Vermicomposting Do’s And Don’ts: Care And Feeding Of Worms

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By Amy Grant

Vermicomposting is an environmentally friendly way of reducing food scrap waste with the added boon of creating nutritious, rich compost for the garden. One pound of worms (about 1,000 worms) will eat about ½ to 1 pound of food scraps per day. It’s important to know what to feed worms, the vermicomposting do’s and don’ts, and how to feed composting worms.

Care and Feeding of Worms

Worms love to eat and spend most of their time doing so. Just like you and I, worms have culinary likes and dislikes. So what to feed worms and what should you avoid putting in the worm bin?


What to Feed Worms

Of the vermicomposting do’s and don’ts, veggies and fruits are a resounding “DO.” Worms will eat any of the following:

  • Pumpkin
  • Left over corn cobs
  • Melon rinds
  • Banana peels
  • Fruit and veggie detritus

However, it is best to avoid putting citrus, onions and garlic in the worm bin. Onions and garlic will eventually be broken down by worms, but the odor in the interim may be more than you can handle! Citrus pulp or any highly acidic fruit added to the worm bin in large quantities can kill off your worms, so be aware and only add small amounts or just add the citrus peels without the pulp.

When vermiculture feeding, basically go “green.” Worms will eat most anything that you would put in a traditional compost bin such as coffee grounds, crushed eggshells, plant waste, and tea leaves. “Green” additions are nitrogen based, but the worm bin also needs “browns” or carbon based items such as shredded newspaper, copy paper, egg cartons and cardboard.

Some “DON’TS” in the feeding of worms are:

  • Do not add salty or oily foods
  • Do not add tomatoes or potatoes
  • Do not add meat or dairy products

Worms will eat tomatoes, but do break down the seed or you will likely have some tomato sprouts in the bin. No big deal however, as you can just pull them out. The same may occur with potatoes and their eyes spouting before the potato is consumed. Meat and dairy are “don’ts,” as they tend to smell quite rancid before they break down completely. Also, they attract pests such as fruit flies.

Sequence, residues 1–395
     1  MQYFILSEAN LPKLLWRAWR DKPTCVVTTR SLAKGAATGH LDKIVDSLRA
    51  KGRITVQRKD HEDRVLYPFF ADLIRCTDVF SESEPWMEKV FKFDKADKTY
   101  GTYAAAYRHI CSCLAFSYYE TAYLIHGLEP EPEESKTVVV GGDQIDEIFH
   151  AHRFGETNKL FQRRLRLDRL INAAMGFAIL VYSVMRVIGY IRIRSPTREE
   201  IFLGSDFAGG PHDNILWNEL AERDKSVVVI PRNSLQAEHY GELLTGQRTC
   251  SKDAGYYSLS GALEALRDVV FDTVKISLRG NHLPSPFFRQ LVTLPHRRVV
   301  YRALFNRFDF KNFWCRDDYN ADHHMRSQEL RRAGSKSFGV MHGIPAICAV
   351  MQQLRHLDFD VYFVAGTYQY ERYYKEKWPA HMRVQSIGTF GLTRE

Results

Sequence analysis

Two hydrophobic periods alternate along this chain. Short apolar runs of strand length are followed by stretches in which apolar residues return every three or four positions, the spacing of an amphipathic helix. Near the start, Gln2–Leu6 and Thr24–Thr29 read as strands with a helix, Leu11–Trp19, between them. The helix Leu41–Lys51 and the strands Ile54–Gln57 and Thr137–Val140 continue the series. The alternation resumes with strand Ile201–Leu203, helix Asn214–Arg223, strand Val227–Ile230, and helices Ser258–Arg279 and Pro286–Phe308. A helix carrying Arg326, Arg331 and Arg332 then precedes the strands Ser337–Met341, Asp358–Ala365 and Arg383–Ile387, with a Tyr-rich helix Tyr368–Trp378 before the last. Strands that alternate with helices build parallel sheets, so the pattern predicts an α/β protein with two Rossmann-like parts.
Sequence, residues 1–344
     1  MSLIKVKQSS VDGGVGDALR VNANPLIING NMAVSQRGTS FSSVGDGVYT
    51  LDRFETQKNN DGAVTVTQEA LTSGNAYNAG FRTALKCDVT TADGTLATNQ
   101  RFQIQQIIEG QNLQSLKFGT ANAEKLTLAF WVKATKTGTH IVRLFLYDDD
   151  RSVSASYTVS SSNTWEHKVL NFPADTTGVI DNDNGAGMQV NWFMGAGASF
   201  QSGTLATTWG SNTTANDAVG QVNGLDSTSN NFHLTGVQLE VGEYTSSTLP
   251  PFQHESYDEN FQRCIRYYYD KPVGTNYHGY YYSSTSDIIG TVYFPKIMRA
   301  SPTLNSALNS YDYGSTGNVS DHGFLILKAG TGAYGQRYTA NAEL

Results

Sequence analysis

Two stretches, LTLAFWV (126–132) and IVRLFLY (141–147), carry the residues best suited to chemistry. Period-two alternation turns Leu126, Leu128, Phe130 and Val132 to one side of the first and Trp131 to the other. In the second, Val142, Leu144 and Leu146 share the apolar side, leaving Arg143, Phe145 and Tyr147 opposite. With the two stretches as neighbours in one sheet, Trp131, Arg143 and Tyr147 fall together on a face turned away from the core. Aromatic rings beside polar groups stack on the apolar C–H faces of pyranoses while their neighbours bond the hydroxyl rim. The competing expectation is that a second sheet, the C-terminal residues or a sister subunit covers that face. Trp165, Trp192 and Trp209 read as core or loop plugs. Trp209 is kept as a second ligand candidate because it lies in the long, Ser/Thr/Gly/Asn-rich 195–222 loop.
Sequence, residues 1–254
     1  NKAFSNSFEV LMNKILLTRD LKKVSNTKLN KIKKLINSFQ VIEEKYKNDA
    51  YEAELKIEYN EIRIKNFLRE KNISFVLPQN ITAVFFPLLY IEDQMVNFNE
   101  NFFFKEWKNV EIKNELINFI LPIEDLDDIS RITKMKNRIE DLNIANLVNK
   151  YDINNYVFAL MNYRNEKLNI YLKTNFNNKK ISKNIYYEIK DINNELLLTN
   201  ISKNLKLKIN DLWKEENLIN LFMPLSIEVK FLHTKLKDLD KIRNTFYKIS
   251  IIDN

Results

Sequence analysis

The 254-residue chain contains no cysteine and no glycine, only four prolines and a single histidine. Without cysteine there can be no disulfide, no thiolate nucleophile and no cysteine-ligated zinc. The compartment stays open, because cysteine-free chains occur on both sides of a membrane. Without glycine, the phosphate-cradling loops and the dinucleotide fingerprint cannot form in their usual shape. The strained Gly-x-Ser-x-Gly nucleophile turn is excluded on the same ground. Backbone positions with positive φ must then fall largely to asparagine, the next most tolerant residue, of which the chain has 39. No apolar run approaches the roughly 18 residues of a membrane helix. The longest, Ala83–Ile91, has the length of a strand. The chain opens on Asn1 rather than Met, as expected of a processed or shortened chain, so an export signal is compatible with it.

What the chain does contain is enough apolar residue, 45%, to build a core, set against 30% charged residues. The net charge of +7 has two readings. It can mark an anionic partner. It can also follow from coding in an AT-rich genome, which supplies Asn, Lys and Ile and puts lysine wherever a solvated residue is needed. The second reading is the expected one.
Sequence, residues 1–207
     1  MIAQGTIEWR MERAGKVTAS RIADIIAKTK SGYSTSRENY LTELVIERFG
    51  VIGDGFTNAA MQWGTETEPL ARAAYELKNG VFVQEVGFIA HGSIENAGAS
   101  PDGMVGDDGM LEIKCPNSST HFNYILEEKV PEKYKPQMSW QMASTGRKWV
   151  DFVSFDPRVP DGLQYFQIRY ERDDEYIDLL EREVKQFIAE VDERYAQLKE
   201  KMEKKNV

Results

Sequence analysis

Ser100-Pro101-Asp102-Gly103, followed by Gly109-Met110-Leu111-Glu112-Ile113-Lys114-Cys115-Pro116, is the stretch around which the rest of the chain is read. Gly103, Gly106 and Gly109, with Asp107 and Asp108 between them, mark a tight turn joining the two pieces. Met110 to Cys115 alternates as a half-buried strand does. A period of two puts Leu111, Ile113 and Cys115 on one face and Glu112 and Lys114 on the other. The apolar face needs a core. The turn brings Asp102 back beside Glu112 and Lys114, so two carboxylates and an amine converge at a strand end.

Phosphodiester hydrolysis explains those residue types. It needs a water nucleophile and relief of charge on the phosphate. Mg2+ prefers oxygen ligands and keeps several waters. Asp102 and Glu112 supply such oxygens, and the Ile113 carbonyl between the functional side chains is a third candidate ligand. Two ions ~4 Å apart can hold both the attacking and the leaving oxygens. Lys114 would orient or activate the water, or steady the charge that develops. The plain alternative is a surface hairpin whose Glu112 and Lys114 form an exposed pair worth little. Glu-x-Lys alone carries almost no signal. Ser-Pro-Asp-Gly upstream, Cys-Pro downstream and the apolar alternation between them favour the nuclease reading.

Don’t feed the worms pet waste or any “hot” manure. “Hot” manure is uncomposted animal waste and its addition may result in heating the bin too much for the worms.

How to Feed Composting Worms

Be sure to chop larger pieces of fruit and vegetable into smaller pieces before vermiculture feeding. This aids in the decomposition process.

Depending on the size of your bin, feed the worms from once a week to every two days with about a cup of food. You may want to keep a journal regarding how quickly your worms consume certain things so you can adjust timings, amounts, and varieties. A stinky worm bin may be an indicator of overfeeding. Rotate the areas of feeding in the bin to ensure all worms are getting fed and tuck the food 3 to 4 inches under the bedding to thwart those pesky flies.

The best indicator of proper feeding is the condition of your worms and their increasing numbers. Proper care and feeding of the worms will reward you with rich soil for your garden, a smaller garbage can and a hand in reducing the amount of waste in our landfills.

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